Thursday, June 08, 2006

Windows servers more reliable than Linux?

Slashdot discusses a survey by the Yankee Group that claims to show that Windows 2003 servers having a higher annual uptime than Linux severs.

From the article: 'Red Hat Enterprise Linux, and Linux distributions from "niche" open source vendors, are offline more and longer than either Windows or Unix competitors, the survey said. The reason: the scarcity of Linux and open source documentation.' Yankee Group is claiming no bias in the survey as they were not sponsored by any particular OS vendor."

Just because the Yankee Group has had a long and extremely profitable relationship with Microsoft, and just because their previous surveys have been heavily weighted in Window's favour, doesn't mean that this is another example of the same old nonsense. Right?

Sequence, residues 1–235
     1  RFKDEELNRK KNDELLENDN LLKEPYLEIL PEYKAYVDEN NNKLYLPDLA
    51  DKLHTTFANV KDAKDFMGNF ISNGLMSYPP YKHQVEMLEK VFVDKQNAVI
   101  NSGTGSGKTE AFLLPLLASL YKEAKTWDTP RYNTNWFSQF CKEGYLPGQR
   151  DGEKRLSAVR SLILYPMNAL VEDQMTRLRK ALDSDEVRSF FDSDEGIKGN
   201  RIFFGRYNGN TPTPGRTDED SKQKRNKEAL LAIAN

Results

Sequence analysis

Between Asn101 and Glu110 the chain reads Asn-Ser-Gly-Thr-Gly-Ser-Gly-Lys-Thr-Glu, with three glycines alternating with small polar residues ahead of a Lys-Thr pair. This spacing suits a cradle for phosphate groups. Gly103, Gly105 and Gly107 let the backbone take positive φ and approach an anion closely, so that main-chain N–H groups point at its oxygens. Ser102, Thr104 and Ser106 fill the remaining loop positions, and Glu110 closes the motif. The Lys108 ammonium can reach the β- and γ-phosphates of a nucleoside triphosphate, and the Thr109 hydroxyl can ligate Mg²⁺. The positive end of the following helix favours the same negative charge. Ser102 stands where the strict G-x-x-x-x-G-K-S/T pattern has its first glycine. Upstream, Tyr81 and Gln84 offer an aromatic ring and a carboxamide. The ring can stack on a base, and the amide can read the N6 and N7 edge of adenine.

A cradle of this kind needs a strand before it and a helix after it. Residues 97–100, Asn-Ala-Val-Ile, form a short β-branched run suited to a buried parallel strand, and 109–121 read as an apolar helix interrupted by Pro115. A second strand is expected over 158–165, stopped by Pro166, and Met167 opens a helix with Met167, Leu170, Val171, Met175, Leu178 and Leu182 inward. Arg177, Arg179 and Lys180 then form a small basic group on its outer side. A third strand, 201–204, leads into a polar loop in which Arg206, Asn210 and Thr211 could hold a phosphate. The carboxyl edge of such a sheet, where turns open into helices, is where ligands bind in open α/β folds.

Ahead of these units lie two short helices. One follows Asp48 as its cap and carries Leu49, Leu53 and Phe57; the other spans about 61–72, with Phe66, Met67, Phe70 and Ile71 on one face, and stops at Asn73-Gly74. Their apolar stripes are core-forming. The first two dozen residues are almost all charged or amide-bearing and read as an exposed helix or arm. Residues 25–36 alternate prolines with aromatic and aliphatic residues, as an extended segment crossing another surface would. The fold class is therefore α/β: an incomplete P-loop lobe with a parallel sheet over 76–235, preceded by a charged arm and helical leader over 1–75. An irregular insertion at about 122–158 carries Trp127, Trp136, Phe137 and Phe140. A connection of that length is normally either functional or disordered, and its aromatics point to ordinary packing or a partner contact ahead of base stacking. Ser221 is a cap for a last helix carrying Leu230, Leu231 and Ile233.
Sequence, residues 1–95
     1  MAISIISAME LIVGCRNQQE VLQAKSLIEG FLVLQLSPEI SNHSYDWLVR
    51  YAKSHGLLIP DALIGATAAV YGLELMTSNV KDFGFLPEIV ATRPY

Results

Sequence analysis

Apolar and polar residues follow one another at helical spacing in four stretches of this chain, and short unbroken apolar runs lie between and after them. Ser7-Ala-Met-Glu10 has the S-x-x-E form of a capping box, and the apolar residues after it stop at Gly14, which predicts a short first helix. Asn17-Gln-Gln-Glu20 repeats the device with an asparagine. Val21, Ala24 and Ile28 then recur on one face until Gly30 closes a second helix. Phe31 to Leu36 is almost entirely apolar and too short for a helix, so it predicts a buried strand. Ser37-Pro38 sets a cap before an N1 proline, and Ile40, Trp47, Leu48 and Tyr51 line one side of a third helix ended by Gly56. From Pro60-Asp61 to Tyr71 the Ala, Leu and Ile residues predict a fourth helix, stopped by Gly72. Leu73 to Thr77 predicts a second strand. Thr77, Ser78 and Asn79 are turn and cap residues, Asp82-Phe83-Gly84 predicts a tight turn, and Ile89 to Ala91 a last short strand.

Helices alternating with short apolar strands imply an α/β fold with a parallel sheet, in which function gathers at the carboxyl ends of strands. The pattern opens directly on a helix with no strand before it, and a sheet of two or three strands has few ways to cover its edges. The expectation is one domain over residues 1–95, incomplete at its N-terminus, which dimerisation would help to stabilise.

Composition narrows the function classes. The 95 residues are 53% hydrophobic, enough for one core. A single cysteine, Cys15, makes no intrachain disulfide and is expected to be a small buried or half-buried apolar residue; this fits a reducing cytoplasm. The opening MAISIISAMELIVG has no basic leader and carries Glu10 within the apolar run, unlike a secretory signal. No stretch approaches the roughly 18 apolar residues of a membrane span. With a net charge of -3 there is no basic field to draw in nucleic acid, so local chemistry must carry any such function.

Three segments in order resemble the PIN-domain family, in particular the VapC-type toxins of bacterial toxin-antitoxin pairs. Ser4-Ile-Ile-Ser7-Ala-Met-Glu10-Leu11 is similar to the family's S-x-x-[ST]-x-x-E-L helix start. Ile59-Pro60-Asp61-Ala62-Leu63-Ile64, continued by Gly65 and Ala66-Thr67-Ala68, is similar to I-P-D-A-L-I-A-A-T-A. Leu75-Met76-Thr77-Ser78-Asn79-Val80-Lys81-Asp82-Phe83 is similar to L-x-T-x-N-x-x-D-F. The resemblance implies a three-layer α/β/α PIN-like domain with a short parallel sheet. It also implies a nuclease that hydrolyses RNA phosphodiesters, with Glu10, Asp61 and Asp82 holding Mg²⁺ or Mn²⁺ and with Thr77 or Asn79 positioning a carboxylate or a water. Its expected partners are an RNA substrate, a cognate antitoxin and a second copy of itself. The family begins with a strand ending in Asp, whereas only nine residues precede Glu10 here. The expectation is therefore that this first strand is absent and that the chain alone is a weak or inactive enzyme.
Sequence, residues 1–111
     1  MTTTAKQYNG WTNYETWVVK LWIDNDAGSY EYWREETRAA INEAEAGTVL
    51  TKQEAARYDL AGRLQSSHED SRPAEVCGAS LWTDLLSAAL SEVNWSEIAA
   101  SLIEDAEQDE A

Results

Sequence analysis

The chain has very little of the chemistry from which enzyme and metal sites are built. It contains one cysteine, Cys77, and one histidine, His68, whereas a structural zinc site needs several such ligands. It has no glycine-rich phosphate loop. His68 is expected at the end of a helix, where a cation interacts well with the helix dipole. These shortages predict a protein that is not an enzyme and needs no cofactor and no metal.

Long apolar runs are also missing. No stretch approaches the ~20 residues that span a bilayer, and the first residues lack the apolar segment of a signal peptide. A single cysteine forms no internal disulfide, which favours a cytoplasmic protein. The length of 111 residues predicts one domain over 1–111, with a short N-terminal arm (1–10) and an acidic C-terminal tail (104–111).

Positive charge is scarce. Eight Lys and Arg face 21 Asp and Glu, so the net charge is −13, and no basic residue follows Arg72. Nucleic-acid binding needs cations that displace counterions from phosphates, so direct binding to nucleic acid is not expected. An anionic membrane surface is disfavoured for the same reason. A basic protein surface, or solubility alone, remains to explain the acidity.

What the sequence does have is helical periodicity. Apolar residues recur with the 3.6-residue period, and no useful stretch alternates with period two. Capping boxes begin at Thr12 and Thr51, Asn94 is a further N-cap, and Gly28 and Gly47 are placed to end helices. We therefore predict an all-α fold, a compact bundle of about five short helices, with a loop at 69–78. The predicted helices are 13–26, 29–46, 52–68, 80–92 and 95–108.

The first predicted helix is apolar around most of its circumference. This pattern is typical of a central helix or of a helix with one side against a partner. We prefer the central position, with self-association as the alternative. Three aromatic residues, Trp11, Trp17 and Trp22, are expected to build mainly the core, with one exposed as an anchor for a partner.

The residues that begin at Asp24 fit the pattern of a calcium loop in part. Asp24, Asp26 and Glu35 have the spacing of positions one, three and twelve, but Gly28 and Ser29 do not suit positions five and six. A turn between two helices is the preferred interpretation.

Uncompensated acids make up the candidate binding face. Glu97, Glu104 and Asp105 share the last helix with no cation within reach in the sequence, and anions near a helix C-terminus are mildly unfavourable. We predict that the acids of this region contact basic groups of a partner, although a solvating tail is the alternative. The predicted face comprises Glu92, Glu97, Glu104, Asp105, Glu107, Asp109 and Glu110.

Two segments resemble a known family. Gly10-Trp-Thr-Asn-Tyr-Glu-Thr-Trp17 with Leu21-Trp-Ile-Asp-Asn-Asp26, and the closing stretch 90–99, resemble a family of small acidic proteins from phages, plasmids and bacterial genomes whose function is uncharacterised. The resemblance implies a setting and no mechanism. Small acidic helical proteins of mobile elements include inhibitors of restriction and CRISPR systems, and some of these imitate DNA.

Unfortunately, the Yankee Group isn't telling where or how they got their figures. Their report is here but it includes little in the way of detail. It isn't even clear whether they found (or claim to have found) that Windows servers have 20% more uptime than Linux servers on average, or that Windows servers' increase in uptime from last year is 20% higher than Linux servers' increase. Are they measuring the length of time between reboots, or the total time running? The Yankee Group aren't telling. In other words, we don't even know what the survey is measuring.


Out of interest, Netcraft is reporting that the Yankee Groups' Win2000 webserver has an uptime of... four days (as of today, 8th June 2006). The best uptime they've seen was about 65 days -- which is a long time to hold your breath, but pathetic for a server uptime by Linux standards.

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